Critical research on leadership ethics has discussed the role of an ethics of care, trust, responsibility and duty (Borgerson 2018; Ciulla et al. 2013; Knights and O’Leary 2006; Munro and Thanem 2018; Rhodes and Badham 2018) where the ethical archetype of a caring leader looms large (Gabriel 2015). Within this frame, however, care has been very much generalised so as to not pay attention to the importance of political categories of difference such as gender and race. Also underrepresented is any exposition or challenge to the privileged material and symbolic positions afforded to white, able-bodied, heterosexual male leaders (Ciulla et al. 2018a). The cultural association of rationality with both masculinity (Lloyd 1984) and leadership (Ciulla and Forsyth 2011) and as being understood in opposition to feminine emotionality is especially limiting and prejudicial. Plumwood (1991, p. 9) writes, ‘concepts such as respect, care, concern, and so on are resistant to analysis along lines of a dualistic reason/emotion dichotomy, and their construal along these lines has involved confusion and distortion (Blum 1980). They are moral “feelings” but they involve reason, behavior and emotion in ways that do not seem separable’ (Plumwood 1991, p. 9). The gendered assumptions that underpin ethical and political concepts such as care, relationality and responsibility are, therefore, largely overlooked (see Borgerson 2007, 2018 for notable exceptions).

In an important study which questioned gender binaries in leadership, Ford et al. (2008) suggest that leadership creates significant anxieties for women managers. It does so by putting them in the contradictory position of having to be both masculine and feminine at one and the same time. An inability to do this means that whatever they do is unacceptable to the organisational status quo where the masculine has long been privileged. Additionally, the problem of not identifying with discourses of masculinity/femininity often gives rise to androgynous images of leadership that are also constructed as problematic (Kark et al. 2012; Korabik 1990; Pullen and Vachhani 2017). Altogether this means that the overarching assumptions ascribed to women leaders are problematic for women’s career choices, their lack of agency and the ways that choice is enacted.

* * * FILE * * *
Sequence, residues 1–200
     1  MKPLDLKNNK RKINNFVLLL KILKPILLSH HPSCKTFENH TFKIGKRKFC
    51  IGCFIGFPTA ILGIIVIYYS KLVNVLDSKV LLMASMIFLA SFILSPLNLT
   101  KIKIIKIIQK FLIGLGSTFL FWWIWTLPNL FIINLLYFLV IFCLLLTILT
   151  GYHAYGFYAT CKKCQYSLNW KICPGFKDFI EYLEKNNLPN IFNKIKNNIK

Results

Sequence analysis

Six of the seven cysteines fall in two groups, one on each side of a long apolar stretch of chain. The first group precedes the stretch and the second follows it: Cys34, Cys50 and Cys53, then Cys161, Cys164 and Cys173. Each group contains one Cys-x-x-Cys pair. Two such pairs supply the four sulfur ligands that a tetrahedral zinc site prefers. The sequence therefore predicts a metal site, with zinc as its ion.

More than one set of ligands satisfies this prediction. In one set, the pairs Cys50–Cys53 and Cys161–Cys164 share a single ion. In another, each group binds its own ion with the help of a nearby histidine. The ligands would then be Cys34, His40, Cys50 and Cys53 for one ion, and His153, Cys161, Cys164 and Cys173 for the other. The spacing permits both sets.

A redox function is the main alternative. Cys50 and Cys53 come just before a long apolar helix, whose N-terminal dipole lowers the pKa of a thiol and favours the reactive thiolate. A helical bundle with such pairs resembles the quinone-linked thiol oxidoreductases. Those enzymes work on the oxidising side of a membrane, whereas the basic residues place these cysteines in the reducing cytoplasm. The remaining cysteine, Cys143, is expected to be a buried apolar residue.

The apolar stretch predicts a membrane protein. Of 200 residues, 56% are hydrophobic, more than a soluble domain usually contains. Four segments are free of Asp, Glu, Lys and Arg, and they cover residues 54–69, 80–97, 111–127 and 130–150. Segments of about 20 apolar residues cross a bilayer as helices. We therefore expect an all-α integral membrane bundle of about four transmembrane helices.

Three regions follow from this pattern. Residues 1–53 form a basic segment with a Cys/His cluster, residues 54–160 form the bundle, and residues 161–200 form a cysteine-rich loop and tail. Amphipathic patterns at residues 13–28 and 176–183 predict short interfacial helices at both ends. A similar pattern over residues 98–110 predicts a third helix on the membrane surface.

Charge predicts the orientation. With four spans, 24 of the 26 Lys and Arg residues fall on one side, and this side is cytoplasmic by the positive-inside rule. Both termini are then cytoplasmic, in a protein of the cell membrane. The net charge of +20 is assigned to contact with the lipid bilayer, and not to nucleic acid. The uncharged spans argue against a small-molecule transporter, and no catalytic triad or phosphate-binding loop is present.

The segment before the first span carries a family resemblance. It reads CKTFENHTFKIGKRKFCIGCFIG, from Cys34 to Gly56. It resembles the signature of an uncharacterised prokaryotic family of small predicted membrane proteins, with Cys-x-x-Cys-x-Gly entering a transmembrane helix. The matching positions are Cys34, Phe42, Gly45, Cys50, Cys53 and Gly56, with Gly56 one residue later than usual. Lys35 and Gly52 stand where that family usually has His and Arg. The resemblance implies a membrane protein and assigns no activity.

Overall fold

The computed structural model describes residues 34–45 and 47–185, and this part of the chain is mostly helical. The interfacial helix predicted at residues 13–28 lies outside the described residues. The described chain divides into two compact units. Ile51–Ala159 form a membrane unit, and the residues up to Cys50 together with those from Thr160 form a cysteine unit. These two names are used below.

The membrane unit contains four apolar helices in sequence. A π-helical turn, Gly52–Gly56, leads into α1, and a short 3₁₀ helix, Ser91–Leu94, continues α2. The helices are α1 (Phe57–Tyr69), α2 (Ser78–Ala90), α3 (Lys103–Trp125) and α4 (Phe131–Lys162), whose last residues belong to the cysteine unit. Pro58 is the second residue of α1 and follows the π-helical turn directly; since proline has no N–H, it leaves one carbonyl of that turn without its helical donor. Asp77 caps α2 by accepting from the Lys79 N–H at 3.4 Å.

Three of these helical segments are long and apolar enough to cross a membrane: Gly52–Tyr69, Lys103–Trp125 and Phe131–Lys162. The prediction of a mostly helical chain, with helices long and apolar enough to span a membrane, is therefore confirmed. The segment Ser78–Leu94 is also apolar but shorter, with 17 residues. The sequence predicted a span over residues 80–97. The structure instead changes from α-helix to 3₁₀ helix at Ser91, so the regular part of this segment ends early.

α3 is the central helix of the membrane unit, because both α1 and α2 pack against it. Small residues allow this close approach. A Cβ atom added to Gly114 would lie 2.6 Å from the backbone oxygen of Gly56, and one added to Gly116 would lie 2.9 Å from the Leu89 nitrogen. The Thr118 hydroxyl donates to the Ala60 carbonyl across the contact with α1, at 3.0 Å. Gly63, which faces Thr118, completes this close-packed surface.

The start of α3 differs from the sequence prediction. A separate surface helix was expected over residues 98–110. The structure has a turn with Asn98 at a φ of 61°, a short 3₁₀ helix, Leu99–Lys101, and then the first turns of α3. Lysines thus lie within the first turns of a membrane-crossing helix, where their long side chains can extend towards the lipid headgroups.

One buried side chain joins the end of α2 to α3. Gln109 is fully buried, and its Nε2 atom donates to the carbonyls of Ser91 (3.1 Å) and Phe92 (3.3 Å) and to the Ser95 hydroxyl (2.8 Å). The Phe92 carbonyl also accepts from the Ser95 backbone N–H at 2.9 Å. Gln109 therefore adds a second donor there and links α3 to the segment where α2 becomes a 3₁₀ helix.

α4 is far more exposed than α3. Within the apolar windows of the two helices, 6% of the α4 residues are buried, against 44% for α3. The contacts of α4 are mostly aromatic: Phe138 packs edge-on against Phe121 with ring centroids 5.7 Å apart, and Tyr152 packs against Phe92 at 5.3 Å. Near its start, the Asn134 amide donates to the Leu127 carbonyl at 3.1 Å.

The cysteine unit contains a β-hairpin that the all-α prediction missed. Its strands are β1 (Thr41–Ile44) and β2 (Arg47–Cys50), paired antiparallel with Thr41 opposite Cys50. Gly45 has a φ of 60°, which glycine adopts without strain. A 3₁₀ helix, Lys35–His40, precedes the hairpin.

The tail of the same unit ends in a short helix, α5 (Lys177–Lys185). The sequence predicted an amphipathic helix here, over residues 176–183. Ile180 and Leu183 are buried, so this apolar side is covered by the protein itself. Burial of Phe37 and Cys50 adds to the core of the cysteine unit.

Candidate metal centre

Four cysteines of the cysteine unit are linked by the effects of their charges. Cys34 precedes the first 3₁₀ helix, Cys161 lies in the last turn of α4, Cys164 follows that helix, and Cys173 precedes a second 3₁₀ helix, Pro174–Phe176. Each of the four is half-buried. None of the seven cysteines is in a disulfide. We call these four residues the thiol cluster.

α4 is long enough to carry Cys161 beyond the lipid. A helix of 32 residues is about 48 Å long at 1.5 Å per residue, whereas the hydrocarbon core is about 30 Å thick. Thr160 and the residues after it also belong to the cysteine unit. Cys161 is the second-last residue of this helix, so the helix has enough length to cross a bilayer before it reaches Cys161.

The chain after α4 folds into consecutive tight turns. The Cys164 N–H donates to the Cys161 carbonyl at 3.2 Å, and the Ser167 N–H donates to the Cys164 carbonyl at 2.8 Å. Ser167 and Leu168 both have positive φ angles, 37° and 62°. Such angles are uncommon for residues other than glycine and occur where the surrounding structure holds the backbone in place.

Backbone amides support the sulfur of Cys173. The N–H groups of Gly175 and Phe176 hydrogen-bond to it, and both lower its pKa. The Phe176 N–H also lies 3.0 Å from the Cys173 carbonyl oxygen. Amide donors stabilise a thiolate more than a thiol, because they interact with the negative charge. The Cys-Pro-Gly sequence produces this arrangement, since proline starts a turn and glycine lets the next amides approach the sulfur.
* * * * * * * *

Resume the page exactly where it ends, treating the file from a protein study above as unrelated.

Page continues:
Borgerson (2018, p. 3) notes that the normalised and normative gendered assumptions invoked by female and feminine leadership approaches, such as care and empathy:

create disadvantage in contexts which stage leadership as importantly constituted by male-embodied, but also stereotypically masculine, practices that historically have proceeded with no mention of care […] Simply put, for females, social, intersubjective, and organizational engagement often includes the manifestation of so-called caring traits, which contrasts with varied notions and practices of power, a traditional path to organizational advancement.[In addition] stereotypical feminine notions—such as emotional attachment and self sacrifice, often embedded in care ethics—potentially undermined female agency, that is, the ability to make things happen (Borgerson 2018, p. 2).

Imagining positive constructions of femininity as cooperation, empathy and care suited to effective leadership styles can also be read as a response to urges for women to take responsibility for themselves and their lives. This reflects a neoliberal feminist ideology promoted by pro-managerial feminists to identify with leadership and thus receive legitimation in some form or another. Alternatively, as von Wahl (2011, p. 393) notes, ‘female leaders may perceive that acting on behalf of women will make them seem “weak” or only supportive of “special interests” and will therefore shy away from being identified too closely with women’s issues’. It is clear that the gender bind in leadership is being reinforced by a bind that juxtaposes emotion against rationality, rationality being privileged in leadership.